On Monday, a longtime ally of Russian President Vladimir Putin, Alexei Kudrin, said that he would join technology giant Yandex to advise on corporate development as the company begins a sweeping governance and ownership overhaul.
Last year, the Dutch-registered holding company, Yandex, said it planned to divest ownership and control of most of Yandex Group, including its main revenue-generating businesses, a move that could lead to enhanced Kremlin influence over some of Russia’s crucial internet services.
Ever since the launch of what Russia calls a “special military operation” in Ukraine in late February this year, Nasdaq-listed Yandex, often referred to as “Russia’s Google”, has struggled with domestic pressure on one side and its Western investors on the other, giving rise to speculation about its future.
Kudrin, former head of Russia’s Audit Chamber who resigned last week, said he had accepted the tech giant’s offer to advise the new holding company’s corporate structure, along with the existing management team.
In his Telegram channel, Kudrin posted, “(This) will ensure the company’s long-term and sustainable development in all markets, including international ones.”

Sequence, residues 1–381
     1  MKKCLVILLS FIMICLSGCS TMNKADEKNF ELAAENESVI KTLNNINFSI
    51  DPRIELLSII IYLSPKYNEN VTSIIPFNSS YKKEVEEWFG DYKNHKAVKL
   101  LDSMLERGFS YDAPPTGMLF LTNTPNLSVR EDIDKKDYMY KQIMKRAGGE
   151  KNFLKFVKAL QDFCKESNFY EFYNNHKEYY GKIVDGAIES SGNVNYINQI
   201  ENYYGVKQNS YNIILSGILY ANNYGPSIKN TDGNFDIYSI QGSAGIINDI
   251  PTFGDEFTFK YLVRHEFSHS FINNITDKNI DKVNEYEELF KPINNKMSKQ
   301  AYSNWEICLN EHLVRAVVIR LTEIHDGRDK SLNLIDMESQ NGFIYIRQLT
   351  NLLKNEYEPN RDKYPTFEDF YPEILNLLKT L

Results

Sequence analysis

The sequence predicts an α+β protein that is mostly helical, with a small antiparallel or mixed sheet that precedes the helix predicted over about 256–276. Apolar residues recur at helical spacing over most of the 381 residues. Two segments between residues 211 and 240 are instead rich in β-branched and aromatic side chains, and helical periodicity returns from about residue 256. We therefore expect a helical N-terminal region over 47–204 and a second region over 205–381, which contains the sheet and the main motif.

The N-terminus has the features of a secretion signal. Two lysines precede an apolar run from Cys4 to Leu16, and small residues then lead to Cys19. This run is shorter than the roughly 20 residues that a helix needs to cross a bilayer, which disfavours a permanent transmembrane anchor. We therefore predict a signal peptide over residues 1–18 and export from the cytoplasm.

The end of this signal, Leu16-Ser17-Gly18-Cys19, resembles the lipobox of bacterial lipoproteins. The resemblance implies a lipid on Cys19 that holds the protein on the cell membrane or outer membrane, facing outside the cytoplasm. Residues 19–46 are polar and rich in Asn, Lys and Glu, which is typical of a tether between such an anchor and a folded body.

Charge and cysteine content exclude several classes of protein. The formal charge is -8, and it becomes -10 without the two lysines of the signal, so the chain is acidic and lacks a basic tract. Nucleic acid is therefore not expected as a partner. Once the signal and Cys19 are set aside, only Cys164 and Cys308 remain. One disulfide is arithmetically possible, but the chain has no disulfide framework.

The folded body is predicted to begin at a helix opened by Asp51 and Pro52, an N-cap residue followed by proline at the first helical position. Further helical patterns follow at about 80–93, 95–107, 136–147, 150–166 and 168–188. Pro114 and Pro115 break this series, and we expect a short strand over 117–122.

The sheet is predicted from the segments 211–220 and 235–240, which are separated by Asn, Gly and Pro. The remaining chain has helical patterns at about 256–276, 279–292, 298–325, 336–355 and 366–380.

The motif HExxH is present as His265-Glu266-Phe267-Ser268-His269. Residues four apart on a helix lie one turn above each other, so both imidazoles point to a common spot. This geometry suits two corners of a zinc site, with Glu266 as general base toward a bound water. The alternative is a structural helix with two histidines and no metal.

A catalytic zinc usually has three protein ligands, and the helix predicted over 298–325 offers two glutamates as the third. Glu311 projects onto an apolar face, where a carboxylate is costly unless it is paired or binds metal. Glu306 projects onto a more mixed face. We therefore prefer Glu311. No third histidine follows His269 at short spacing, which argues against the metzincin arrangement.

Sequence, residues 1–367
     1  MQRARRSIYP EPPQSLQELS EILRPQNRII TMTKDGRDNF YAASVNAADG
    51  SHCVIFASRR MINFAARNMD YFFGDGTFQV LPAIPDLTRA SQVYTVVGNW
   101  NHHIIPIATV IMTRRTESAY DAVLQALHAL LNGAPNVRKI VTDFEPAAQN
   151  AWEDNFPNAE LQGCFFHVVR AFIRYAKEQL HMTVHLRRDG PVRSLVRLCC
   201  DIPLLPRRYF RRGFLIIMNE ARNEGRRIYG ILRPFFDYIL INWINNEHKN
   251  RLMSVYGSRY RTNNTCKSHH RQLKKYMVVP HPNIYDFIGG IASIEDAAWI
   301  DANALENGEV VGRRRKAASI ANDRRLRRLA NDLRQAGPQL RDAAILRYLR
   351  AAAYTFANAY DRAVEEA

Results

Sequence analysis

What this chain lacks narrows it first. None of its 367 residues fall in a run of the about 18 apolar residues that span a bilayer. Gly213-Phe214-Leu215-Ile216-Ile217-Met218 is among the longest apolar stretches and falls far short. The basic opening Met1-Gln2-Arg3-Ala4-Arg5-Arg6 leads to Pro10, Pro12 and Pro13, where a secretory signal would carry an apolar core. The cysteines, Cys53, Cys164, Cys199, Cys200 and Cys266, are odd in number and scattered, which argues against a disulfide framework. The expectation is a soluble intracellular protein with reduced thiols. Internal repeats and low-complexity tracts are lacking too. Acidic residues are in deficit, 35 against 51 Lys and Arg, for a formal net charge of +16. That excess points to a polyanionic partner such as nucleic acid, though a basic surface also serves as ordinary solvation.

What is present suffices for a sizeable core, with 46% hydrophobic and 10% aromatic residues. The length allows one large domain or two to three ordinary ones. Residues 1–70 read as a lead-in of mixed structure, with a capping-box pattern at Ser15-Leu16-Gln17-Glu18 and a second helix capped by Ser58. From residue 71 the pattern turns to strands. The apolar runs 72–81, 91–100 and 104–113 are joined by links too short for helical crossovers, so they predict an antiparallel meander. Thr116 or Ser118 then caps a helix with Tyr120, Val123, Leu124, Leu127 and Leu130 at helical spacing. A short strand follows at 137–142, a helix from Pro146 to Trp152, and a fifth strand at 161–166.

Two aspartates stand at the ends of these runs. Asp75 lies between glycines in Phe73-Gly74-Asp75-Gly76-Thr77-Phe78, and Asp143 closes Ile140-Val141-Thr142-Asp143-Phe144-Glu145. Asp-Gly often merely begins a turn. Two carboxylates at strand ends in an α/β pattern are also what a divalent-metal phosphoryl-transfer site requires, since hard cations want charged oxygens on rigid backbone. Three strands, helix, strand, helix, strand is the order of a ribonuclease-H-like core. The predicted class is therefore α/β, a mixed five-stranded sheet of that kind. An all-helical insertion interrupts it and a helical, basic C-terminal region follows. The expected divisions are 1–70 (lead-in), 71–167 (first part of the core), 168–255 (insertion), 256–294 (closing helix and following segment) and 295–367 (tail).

Kudrin further said, “One of the main tasks is to help preserve Yandex’s unique management and technological culture, so that it remains independent and Russia’s best IT company, where the most talented people strive to work.”
The company whose Moscow-listed shares were around 1.1% higher by 0928 GMT, confirmed that Kudrin was joining the company.
Being a part of public service veteran, Kudrin was finance minister for more than a decade between 2000 and 2011. He maintains close ties with Putin, and keeps a relatively low profile in his current role as head of the Audit Chamber, Russia’s public spending watchdog.
Almost 88% of Yandex’s ownership structure is free-float, with many Western funds among its shareholders.